Priscilla Queen of the Desert started life as a film by Stephan Elliott who adapted it into a ’70s jukebox musical with Allan Scott. The ambitious and enthusiastic community production at Kensington Arts Theatre was directed by John Nunemaker with musical direction by Valerie A. Higgs.
The musical begins with Tick (Gregory Wilczynski) getting in touch with the wife from whom he has been separated for several years asking him to come perform at her remote Australian resort. The couple has a son together who would also like to finally meet his father. Tick recruits his friend and fellow performer Felicia/Adam (Jon Simmons). Joining them is also a grande dame of performance, a trans woman named Bernadette who has just lost her boy-toy of a husband. At loose ends, she joins them on their adventure out west in their converted bus, nicknamed Priscilla.
The production rests on the lovely yet broad shoulders of Larry Munsey in the role of Bernadette. His singing is lovely in the trios with Wilczynski and Simmons “True Colors” and “We Belong.” He plays the comedy and the tender moments equally well, as Bernadette finds love and plays the protective friend for Tick and Adam when they get into trouble in the boondocks. Munsey was the heart, soul, and performance highlight of the production.
The disco and pop hits range from the irresistibly fun “Raining Men,” to the schmaltzy “Don’t Leave Me This Way,” to the incomprehensible “MacArthur Park.” These and so many other favorites were performed by live musicians who, at times, weren’t quite up to the score. When the drag performers lip-synced, the voices were provided by the very talented three divas – played by Temple Fortson, Kristin Franco, and Summer Hill.
As a show that takes its visual style and poppy sensibility from the world of drag, Priscilla demands zip and glitz. The cast and crew obviously worked very hard and were having a lot of fun. That being said, much of the chorus seemed a bit lost during the choreography by Rikki Howie Lacewell. The production also suffered from some sound and microphone problems and a couple of wardrobe malfunctions, but the cast plowed on.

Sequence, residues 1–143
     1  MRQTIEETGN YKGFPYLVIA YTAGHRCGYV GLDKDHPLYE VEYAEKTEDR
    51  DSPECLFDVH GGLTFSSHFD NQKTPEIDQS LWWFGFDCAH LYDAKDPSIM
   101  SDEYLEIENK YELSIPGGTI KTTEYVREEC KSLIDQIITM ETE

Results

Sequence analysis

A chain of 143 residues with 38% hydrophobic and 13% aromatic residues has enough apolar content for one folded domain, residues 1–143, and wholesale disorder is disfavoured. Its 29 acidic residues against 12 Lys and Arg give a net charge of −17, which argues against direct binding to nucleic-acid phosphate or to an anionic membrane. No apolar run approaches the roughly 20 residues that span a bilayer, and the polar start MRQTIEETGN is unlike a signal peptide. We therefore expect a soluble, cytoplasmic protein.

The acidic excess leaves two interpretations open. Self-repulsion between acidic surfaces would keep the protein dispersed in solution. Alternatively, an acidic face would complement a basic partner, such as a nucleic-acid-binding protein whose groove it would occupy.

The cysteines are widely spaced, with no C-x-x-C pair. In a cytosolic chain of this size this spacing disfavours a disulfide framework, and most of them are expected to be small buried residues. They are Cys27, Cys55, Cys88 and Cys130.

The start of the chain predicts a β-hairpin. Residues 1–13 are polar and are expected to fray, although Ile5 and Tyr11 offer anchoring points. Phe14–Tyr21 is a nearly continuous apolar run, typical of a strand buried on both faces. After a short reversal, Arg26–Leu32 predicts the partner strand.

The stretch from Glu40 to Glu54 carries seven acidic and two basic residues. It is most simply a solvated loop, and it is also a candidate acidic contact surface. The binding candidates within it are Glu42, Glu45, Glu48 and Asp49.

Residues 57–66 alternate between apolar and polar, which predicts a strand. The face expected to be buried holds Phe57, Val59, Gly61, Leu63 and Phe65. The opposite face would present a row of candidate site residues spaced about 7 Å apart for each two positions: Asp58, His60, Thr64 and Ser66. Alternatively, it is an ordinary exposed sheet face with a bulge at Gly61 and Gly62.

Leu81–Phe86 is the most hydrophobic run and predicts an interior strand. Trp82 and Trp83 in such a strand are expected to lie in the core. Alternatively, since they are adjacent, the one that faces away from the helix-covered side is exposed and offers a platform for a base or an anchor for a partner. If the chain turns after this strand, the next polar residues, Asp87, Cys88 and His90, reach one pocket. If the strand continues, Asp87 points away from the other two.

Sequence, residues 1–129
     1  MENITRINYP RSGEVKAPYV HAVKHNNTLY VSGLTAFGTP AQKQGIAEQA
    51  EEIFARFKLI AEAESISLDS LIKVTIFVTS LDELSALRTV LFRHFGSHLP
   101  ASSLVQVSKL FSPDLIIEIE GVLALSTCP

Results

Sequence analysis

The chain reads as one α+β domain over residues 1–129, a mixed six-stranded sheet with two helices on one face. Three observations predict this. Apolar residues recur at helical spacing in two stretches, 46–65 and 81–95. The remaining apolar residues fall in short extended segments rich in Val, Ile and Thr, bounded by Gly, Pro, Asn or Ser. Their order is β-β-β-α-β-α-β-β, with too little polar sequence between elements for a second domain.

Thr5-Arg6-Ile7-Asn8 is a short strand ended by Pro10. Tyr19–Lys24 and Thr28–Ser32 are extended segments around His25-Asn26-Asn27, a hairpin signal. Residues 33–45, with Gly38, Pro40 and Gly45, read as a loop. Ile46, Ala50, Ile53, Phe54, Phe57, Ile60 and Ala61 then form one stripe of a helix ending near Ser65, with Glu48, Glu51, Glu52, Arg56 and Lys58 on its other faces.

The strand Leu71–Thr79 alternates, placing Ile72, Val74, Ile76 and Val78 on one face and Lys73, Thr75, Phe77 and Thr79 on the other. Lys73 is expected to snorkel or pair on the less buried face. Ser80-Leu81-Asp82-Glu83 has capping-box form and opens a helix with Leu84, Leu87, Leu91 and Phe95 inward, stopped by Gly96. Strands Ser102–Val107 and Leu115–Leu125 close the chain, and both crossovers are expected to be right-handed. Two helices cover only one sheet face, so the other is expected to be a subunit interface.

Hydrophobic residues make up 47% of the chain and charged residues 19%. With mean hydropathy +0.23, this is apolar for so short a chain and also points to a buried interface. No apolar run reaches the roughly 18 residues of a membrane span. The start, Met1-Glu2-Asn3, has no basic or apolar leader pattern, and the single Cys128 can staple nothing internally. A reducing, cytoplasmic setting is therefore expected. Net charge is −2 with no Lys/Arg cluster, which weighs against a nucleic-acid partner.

The set designed by Bill Brown concealed the titular bus behind a glittering curtain for much of the show with basic set pieces coming on and off as needed. Portions of the show were staged on an upper-level platform which, from my seat about a third of the way back in the house, resulted in the performers’ faces being concealed by the lighting rig. Scenes staged inside Priscilla were often hard to see, either due to shadows or a supporting beam.
Costumers Shemika Berry and Rikki Howie Lacewell had their work cut out for them with this campy, bright show. Some of the costume choices were a little confusing (why were the guys in that bar all dressed in overcoats?), but the leads’ finale costumes rose to the glittery challenge.
Kensington Arts Theatre’s Priscilla might be less Sydney Opera House and more Outback Steakhouse, but fans of ‘70s and ‘80s pop and camp will have fun.
Running Time: Two hours and 30 minutes, with a 15-minute intermission.
Priscilla Queen of the Desert plays through May 26, 2018, at Kensington Arts Theatre performing at Kensington Town Center – 3710 Mitchell Street, in Kensington, MD. For tickets, call (240) 621-0528, or purchase them online.